While romance scams aren’t new, their popularity continues to rise. According to the Federal Trade Commission (FTC), people lost $547 million to romance scams in 2021, up 80% compared to 2020 and six times higher than in 2017.
Scammers often steal someone’s identity or create fake profiles on dating and social media apps to meet victims. There’s no surefire method to detect a fake, although scammers may use stock photos and make excuses for why they can’t meet in person.
After gaining your trust, they may ask you to buy them something or send them money. Recently, some scammers have posed as investors and shared false investment tips with their victims, which could lead you to invest in a fake opportunity. Or the person may “mistakenly” send you money and ask you to send it back or forward it to someone else. If your bank later determines their payment was fraudulent, the sum of the payment will be subtracted from your account.
Romance scams can target anyone, and some scammers seek to form platonic rather than romantic relationships.
Online purchase scams
Online purchase scams continued to be the riskiest type of scam in 2022, according to the Better Business Bureau (BBB) 2022 Online Scams Report. The basic premise of this type of scam is that you purchase a product or service that’s never delivered. The BBB found that people most commonly reported being victims after trying to buy a puppy online.
Scammers often sell goods on marketplace websites or social media, although some set up fake e-commerce stores. Always look for red flags such as too-good-to-be-true prices, lack of details or high-pressure sales tactics. Scammers may also use triangulation fraud to take money from you when you buy something online, only to purchase the item you want with someone else’s stolen credit card. They’ll send you the item, and you may never know they’d used a stolen credit card and pocketed your money.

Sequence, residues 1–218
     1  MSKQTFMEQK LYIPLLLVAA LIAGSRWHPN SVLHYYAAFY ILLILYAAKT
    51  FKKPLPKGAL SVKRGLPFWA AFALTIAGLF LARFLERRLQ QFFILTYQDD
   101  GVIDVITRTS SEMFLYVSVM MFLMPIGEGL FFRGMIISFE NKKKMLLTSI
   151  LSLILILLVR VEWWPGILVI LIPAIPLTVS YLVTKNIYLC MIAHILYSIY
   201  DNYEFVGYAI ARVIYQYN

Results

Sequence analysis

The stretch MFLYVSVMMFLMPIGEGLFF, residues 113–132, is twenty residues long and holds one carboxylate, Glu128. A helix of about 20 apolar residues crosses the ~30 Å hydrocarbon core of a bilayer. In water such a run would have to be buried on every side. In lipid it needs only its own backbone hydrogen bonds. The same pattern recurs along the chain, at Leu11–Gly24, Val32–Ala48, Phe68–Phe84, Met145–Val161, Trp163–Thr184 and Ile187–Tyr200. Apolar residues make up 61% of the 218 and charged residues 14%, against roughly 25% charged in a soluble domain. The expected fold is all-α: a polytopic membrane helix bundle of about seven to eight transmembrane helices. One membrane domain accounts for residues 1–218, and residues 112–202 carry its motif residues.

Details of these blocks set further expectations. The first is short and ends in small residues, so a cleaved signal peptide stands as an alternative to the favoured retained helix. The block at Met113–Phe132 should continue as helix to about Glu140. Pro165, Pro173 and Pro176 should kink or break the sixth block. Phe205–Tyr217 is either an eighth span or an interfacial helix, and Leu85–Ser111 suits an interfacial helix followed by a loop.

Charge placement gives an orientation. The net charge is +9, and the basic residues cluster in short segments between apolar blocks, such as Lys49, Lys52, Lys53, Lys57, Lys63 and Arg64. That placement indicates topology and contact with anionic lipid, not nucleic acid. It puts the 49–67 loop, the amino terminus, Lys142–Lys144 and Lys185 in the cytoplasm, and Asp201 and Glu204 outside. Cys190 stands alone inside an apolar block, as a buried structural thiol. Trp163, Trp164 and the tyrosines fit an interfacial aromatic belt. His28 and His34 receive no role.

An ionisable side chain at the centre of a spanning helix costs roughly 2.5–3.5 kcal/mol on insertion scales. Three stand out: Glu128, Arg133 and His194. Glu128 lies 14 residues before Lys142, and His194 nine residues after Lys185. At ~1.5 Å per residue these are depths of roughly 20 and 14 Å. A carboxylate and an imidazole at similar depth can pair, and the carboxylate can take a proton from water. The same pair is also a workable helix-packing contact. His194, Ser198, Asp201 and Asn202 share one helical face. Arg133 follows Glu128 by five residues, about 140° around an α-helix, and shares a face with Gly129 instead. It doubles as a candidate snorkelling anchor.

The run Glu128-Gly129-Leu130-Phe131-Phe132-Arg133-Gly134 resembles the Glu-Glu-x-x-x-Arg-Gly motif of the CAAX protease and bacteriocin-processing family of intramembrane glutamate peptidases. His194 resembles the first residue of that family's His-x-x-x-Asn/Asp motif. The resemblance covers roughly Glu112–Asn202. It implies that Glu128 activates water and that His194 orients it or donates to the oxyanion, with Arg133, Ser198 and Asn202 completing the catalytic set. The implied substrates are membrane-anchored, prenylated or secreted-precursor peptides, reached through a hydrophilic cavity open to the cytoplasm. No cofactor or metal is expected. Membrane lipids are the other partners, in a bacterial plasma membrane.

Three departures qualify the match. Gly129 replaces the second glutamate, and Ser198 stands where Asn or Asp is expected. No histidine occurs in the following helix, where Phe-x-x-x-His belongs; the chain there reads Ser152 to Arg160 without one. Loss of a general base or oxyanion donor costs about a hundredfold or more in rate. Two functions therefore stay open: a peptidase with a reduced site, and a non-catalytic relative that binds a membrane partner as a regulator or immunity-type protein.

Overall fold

Paying with your credit card can help you limit potential losses, as you can initiate a chargeback if you don’t receive a product or service.
Employment scams use enticing, and hard-to-detect, lures to target people who’ve been out of work. Some scammers take a slow approach with interviews and a legitimate-seeming operation. They then collect personal information from your employment forms or tell you to buy equipment or training.
Other scams get right to the point and promise guaranteed or easy income – if you purchase their program. Sometimes, a fake employer sends a large paycheck and asks you to send the “extra” back—a play on the popular overpayment scam.
You may also see job opportunities that involve receiving money and sending funds to another account or receiving and reshipping packages. These “money mule” and “reshipping mule” jobs are often part of an illegal operation, and you could be personally liable.
How to avoid a scam
While scammers’ delivery methods and messaging can quickly change, a few basic security measures can help protect you from the latest and most common scams:
- Be skeptical when someone contacts you. Scammers can spoof calls and emails to make it look like they’re coming from different sources, including government agencies, charities, banks and large companies. Don’t share personal information, usernames, passwords or one-time codes that others can use to access your accounts or steal your identity.
- Enable multifactor authentication. Add this feature to any accounts that offers it as an option and try to use a non-SMS version to protect yourself from SIM swapping.
- Research companies. Before you make a purchase or donation, take a few minutes to review the company. Do a web search for its name plus “scam” or “reviews” and research charities on Charity Navigator and Charity Watch.
- Be careful with your phone. If you suspect a spam call, don’t respond or press a button. The safest option is to hang up or ignore the call entirely. You can always look up the organization and initiate a call yourself if you’re worried there may actually be an issue.
- Don’t refund or forward overpayments. Be careful whenever a company or person asks you to refund or forward part of a payment. Often, the original payment will be fraudulent and taken back later.
- Look for suspicious payment requirements. Scammers often ask for payments via wire transfer, money order, cryptocurrency or gift cards. These payments can be harder to track and cancel than other forms of payment, which can leave you stuck without recourse.
If you’re the victim of a scam, you can file a report with the FTC and your local law enforcement. The report may help others avoid similar scams.
Continue monitoring your identity
Following basic safety strategies and reviewing the latest scam alerts can help you stay safe. But mistakes can happen, particularly when you’re stressed or overwhelmed. Even if you’re doing everything right, your information could be compromised in a data breach.